Big Bend National Park is surely the easiest park to locate on a map of the US. First, find Texas and then follow the border with Mexico west from the Gulf of Mexico until you find a horn of land that dips southward, pointing into Mexico. Find the lowest point of that horn, and there it is.

This 800,000 acre park is bordered on the south by a 118 mile stretch of the Rio Grande, which is also the border between Mexico and the US. On the west side of the park, the river flows southeast, but at about half the way, it makes a sharp turn towards the northeast, forming the big bend in the river for which the park was named.

The ecology of the park comprises three strikingly different systems, the flood plain of the Rio Grande, the Chisos Mountain Range, and the desert. The features of these ecosystems, and the contrasts among them, give Big Bend a unique draw.

Most of the park is rugged desert that may not appeal to most tourists and vacationers, who might be content to simply view it for a while from the window of an air-conditioned vehicle. It is a vast flatness filled with rocks, sand and cactus that are surrounded in all directions by more rocks, sand and cactus. For desert hikers and campers, on the other hand, it's a paradise that holds many delights. The area is rich in history, archeology and paleontology, as well as desert flora and fauna, all of which can be seen raw by backcountry hikers. The isolation and wilderness setting of the settler ruins, graves, or other artifacts and the fossil beds that you might encounter lend to a strong feeling of discovery and easily conjure up images of the tough men and women who first peopled the area and the settlers that later moved through this country on their ways further west. The backcountry is accessible to hikers, ordinary vehicles to a very limited extent, and to off-road vehicles to a greater extent.

The most-used of the park's hiking trails, however, are in the Chisos Mountains. The mountains get more rain than the rest of the park, and so offer a greater variety of plant and animal life, as well as more interesting vistas for the hiker. The highest peak reaches 7800 feet into the Texas sky. These trails are well maintained and offer difficulty ranging from very easy to very strenuous. Rock climbers may be disappointed, though, as the rock throughout the park is fairly unstable.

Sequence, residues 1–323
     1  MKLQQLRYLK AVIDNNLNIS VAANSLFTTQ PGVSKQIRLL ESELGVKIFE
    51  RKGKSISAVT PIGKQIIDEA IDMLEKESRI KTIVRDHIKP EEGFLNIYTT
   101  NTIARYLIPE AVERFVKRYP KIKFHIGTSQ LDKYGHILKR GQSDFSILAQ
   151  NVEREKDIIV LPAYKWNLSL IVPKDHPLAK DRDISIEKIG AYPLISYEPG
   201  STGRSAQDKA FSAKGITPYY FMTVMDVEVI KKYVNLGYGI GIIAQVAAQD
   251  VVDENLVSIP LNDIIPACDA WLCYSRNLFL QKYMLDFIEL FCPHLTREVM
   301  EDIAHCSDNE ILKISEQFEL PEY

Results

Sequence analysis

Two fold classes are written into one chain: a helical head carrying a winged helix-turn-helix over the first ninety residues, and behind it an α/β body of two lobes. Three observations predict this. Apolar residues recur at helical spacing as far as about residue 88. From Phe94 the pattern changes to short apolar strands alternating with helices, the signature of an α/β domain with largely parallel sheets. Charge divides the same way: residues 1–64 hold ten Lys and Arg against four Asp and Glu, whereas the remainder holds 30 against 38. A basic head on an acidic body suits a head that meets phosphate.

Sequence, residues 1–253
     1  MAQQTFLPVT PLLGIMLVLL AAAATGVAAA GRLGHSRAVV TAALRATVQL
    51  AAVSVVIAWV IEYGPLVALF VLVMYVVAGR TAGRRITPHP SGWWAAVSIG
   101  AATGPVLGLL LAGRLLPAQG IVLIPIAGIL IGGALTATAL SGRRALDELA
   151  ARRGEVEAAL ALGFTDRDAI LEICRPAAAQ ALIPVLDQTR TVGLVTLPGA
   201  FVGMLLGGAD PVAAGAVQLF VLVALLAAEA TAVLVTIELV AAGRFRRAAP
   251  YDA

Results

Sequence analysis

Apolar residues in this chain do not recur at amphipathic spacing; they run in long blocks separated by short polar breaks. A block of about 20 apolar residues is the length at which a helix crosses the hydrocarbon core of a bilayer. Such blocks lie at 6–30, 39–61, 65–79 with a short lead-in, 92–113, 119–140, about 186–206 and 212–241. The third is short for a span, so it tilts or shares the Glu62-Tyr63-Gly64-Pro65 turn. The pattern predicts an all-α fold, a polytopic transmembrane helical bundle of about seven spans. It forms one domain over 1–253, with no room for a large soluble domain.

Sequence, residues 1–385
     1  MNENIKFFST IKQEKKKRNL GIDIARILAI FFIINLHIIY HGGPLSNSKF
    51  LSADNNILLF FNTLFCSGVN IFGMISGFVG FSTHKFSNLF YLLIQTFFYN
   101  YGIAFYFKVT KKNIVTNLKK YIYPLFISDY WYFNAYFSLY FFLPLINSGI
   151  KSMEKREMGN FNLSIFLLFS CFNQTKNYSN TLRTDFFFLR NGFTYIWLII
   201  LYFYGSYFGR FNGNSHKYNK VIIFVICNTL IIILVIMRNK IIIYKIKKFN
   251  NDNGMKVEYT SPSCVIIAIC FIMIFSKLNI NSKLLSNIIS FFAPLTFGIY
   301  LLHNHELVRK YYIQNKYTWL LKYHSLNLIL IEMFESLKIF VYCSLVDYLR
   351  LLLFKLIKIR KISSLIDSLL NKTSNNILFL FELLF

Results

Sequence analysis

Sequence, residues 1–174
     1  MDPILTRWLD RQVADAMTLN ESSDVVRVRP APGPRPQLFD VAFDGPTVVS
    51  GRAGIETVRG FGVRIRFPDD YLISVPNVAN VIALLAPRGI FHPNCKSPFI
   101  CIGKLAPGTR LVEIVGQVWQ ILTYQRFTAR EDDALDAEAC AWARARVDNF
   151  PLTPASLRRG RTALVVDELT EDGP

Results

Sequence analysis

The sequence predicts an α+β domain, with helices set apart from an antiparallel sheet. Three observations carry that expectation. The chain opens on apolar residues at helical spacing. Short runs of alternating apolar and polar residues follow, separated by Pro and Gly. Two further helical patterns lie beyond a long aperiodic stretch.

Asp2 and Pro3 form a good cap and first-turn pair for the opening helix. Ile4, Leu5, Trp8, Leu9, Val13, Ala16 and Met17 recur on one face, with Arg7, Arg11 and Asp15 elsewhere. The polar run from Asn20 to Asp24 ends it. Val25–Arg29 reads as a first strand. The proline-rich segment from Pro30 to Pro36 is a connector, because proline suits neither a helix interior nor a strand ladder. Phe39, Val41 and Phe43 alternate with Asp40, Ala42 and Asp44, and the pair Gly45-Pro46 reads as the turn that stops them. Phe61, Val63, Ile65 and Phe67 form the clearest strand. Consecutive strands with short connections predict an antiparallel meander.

The flood plain of the Rio Grande (Rio Bravo del Norte by its Spanish name) offers some very interesting and refreshing experiences that shouldn't be missed. After hot and dry desert and mountain hiking (or driving), the greenery along the Rio Grande will seem lush and the sight of large amounts of cool water flowing by will be very welcome. There are good hiking trails and floating down the river is also very popular. The Rio Grande cuts many deep canyons along its way, and there are long stretches of quiet water for leisurely floats as well. A sight not to be missed is the entrance to the Santa Elena Canyon, a magnificent crevice in rock cliffs that are over a thousand feet high. A unique attraction for the adventurous visitor is to visit one of the two rural Mexican villages just across the river. You can swim across for a 'wetback' experience or ride a rowboat ferry. These are not official points of entry, so no passport check, and you might enjoy a bit of thrill at your brief incursion as an illegal alien.

Unlike many other large national parks, Big Bend National Park does not attract so many out-of-state visitors, with 10% visiting from other countries (half of those from Germany) and over 60% from within Texas. It's pretty much in the middle of nowhere and pretty much on the way to nowhere, and is possibly the least known-about park of its size. Nevertheless, it has much to offer, and like many of the other incredible parks in the US, it brings back the original, undiluted meanings of over-used adjectives like 'awesome'.

Santa Elena Canyon
National Park Service Site